From the company that brought you Shadowgate and The Uninvited, comes a humorous take on that the wacky United States Civil War. Oh wait ... maybe the war wasn't all that wacky, but this game sure it. Kemco Seika successfully fuses several different genres to create North & South, an incredibly fun two-player action/strategy game for the NES. Who knew that one of this country's darkest hours could be this much fun?
North & South is a competitive two-player game that generally takes place on a giant board game-style map of the eastern United States. You get to choose what side you want to fight for, be it the North (the Union) or the South (the Confederacy). While the game is a two-player game, this is one of the few board games that is still fun again a computer opponent. From there you choose your year and difficulty level and get your first look at the map.
The U.S. map is littered with soldiers on each side, a railroad track and bases to overtake. The object of the game is to build up your army by taking over bases and then beating back the opponent. This style of gameplay should be familiar to anybody who has played a real-time strategy game before. Unlike WarCraft or Command & Conquer, an average round of North & South will only run you a few minutes. It all leads to one of the most compelling (and speediest) strategy games I've ever played.
Thankfully there's more to the game than just moving your soldiers around a giant map. The game gives you a few different things to do as you try to beat back your opponents. The most common mini-game involves both sides fighting it out in a giant battle. In this mode you get to switch between several different characters, including a regular group of soldiers, a guy with a cannon and soldiers on horseback. The object is to defeat everybody on the other side, which means that you will have to plan your attacks carefully and use the right unit types for the job. This is trickier than it sounds and at first it's downright frustrating. But after a few tries you'll get the hang of it and see the beauty in simplicity.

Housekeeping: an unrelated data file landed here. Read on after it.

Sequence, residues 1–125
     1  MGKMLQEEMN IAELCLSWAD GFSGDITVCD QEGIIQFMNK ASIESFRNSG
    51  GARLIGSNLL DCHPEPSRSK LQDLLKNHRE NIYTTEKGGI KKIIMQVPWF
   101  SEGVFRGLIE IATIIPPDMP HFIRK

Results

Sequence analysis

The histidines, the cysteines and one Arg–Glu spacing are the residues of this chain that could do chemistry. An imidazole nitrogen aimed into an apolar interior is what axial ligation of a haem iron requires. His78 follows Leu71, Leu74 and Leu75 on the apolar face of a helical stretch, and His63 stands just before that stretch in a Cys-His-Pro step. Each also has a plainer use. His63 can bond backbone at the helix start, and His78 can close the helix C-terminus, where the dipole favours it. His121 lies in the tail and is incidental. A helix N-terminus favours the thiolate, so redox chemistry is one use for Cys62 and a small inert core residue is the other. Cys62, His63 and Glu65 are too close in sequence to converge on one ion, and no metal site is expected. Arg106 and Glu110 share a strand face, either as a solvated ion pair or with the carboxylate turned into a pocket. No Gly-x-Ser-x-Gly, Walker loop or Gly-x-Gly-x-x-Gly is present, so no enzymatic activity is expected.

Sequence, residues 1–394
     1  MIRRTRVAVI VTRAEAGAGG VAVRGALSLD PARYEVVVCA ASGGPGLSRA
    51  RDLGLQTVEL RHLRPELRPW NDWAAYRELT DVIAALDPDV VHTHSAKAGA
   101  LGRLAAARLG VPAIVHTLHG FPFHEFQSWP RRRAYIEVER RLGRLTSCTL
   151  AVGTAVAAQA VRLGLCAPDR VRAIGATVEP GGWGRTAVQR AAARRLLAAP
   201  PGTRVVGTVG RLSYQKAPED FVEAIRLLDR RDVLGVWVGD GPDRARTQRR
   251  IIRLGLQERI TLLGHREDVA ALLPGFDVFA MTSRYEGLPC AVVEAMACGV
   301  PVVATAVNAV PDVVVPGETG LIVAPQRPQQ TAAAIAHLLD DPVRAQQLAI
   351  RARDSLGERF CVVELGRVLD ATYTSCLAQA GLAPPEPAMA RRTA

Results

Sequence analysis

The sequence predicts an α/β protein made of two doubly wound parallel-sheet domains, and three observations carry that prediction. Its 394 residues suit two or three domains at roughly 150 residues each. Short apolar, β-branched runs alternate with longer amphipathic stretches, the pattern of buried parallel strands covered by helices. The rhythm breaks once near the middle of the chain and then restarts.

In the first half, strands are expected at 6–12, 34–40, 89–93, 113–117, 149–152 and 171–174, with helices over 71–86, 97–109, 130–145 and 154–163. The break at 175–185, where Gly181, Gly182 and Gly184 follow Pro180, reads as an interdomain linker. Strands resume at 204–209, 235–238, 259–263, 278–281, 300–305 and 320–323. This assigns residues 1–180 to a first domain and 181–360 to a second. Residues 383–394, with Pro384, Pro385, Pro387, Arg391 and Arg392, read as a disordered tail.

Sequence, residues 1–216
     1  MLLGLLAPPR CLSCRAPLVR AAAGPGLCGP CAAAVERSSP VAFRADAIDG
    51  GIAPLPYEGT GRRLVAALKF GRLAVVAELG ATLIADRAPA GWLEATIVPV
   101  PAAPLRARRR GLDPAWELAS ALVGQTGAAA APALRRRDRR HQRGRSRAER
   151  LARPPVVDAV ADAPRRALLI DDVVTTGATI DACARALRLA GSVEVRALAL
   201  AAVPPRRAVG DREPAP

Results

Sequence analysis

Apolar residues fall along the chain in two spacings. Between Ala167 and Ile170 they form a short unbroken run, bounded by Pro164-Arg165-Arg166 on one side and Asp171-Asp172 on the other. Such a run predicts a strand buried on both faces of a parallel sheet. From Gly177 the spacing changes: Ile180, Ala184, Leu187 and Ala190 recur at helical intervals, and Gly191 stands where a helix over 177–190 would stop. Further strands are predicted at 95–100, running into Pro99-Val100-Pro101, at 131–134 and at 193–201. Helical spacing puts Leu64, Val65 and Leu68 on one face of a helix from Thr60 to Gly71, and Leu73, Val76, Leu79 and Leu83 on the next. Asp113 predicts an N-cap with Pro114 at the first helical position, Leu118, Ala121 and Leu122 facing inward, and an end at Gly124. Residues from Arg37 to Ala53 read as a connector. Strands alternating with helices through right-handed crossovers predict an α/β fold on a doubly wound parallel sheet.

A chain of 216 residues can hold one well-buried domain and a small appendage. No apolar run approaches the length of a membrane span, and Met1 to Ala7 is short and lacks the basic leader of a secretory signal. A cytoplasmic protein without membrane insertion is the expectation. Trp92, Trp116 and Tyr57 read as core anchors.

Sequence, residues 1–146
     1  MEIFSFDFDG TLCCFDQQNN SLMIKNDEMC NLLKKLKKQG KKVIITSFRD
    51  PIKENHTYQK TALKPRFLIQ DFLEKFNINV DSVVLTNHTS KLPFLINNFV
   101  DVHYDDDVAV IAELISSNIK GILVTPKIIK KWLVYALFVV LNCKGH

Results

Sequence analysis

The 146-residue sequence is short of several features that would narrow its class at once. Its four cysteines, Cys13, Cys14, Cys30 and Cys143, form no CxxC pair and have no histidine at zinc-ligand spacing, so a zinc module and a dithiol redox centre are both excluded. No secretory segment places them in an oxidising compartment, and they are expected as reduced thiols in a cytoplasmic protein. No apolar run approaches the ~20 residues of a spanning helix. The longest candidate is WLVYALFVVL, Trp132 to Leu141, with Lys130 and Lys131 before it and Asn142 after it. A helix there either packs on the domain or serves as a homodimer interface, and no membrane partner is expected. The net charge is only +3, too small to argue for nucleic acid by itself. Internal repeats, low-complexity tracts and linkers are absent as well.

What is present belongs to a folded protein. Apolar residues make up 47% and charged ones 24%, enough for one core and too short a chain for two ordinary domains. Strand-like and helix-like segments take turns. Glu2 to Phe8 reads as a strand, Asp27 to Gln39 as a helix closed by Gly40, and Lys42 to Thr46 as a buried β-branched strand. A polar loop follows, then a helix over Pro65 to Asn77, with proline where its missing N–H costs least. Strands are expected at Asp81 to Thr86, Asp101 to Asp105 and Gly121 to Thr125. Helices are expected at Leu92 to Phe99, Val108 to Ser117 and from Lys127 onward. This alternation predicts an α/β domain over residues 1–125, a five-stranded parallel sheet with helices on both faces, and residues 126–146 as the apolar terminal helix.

In other mode you attempt to overtake a base, this is where the game turns into a standard 2D platformer. Unfortunately, this is also where the game falls apart. These 2D side scrolling levels feel undercooked; they run too fast and are often too easy. Thankfully you can fiddle with the difficulty a bit and a second player can make things more interesting, but I still wish they could have come up with something better for these pivotal base seizing missions.
The game's graphics are also a mixed bag. The game looks fantastic when it's in cinema mode or showing you the map, but the moment it switches to a battle everybody turns microscopic. The 2D side scrolling missions look a little better, but the animation is too fast and clumsy. This game won't win any awards for the graphics, but they mostly get the job done.
If you had told me that an 8-bit civil war game would become one of my favorite two-player games, I would have thought you were drinking too much moonshine. But it's true, North & South is one of the rare strategy games that is both accessible and immediately fun. I loved the sense of humor and am impressed at how well they handled the real-time strategy aspects of the game. With some more depth, slightly better controls and a new coat of paint, I can see North & South being a popular online game for this new generation. Somebody should really get on that.